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Best Of: Don't Believe in the Magic Portal


When I started my career, the prevailing thought was the door to the office building was a magical portal. Managers expected that whatever was impacting you in the world outside the door would disappear once you walked through the portal.


The portal wasn't magic and your worries and cares never left, you just learned to hide them. Those who hid them well were considered "professionals" and "warriors". We mistakenly rewarded those who hid the real world. Today, we need to reward those that are authentic, but also good professional citizens.


One reason that managers must build relationships with employees is to understand what impacts them. It may be something personal (illness in the family) or it may be something that impacts everyone (terrorist attacks). It isn't the manager's job to fix any of these things, but it is the manager's role to understand how it impacts the work.


I mention this today because of what happened yesterday in Washington, D.C. with the domestic terrorists. Some people will be upset and it will impact their work. Others will be able to work just fine. It may even cause tension between team members because of differing political views.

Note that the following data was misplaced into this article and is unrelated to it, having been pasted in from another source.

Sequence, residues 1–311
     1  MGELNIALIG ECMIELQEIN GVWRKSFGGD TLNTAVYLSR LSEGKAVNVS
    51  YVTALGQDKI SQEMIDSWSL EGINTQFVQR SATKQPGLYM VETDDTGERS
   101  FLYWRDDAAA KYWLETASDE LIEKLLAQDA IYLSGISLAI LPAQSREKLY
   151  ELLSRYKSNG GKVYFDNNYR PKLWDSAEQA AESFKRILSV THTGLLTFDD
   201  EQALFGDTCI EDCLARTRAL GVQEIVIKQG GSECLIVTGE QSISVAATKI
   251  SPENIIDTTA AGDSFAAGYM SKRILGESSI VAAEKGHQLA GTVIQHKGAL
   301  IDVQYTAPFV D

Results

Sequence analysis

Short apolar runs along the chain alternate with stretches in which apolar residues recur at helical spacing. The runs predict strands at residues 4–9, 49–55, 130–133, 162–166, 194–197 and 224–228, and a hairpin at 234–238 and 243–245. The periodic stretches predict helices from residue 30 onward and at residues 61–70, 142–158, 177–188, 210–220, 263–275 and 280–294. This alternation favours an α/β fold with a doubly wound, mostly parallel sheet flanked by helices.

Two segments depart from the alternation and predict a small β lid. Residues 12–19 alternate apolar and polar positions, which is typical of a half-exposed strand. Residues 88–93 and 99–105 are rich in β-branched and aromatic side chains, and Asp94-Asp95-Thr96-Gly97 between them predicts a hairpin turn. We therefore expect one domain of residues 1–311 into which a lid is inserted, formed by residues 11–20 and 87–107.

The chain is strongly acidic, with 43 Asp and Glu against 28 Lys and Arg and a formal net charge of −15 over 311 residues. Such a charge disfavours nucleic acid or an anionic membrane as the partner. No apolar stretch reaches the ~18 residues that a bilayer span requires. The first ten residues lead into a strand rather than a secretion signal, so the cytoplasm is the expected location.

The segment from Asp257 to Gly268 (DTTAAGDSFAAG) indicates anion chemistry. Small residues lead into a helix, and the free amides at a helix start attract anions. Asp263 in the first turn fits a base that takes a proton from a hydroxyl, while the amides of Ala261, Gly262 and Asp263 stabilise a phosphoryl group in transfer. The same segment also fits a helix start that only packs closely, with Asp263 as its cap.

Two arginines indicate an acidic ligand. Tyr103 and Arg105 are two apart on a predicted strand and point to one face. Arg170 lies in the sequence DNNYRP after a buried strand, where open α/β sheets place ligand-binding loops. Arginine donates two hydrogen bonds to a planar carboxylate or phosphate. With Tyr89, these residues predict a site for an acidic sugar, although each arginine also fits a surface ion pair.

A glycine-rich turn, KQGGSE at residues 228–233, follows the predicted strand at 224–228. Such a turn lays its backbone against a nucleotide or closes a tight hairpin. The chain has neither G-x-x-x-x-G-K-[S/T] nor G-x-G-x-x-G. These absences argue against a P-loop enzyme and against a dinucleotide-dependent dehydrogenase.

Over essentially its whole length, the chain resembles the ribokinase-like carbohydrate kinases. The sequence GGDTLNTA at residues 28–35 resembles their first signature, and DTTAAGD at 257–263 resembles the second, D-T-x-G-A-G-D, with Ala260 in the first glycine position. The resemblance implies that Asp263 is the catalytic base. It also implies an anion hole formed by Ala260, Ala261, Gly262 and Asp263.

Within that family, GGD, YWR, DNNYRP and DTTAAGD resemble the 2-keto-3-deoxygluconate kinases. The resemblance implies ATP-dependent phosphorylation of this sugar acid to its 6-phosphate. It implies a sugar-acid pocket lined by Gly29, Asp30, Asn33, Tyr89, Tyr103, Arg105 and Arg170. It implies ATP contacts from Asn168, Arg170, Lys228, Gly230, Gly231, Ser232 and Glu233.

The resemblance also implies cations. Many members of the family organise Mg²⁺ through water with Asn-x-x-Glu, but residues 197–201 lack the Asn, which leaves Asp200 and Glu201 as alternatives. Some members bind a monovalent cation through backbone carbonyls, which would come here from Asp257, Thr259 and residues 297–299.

As a manager, you can't just ignore it and tell people to be professional. You have to acknowledge their feelings. Remember, acknowledgement does not mean agreement. It may impact project timelines, it may impact quality, and it may impact nothing. Your role is to understand what it impacts, show empathy and understanding, and make decisions to ensure things keep moving.


A managers also needs to realize that emotions will run high. Things may be said and done that need to be addressed, but also understood. Psychological safety gets tested in these situations. It isn't necessarily what is said or done, but how it is handled that is remembered.


How a manager acts during these critical times has a huge impact on the relationship and the engagement of the employee.

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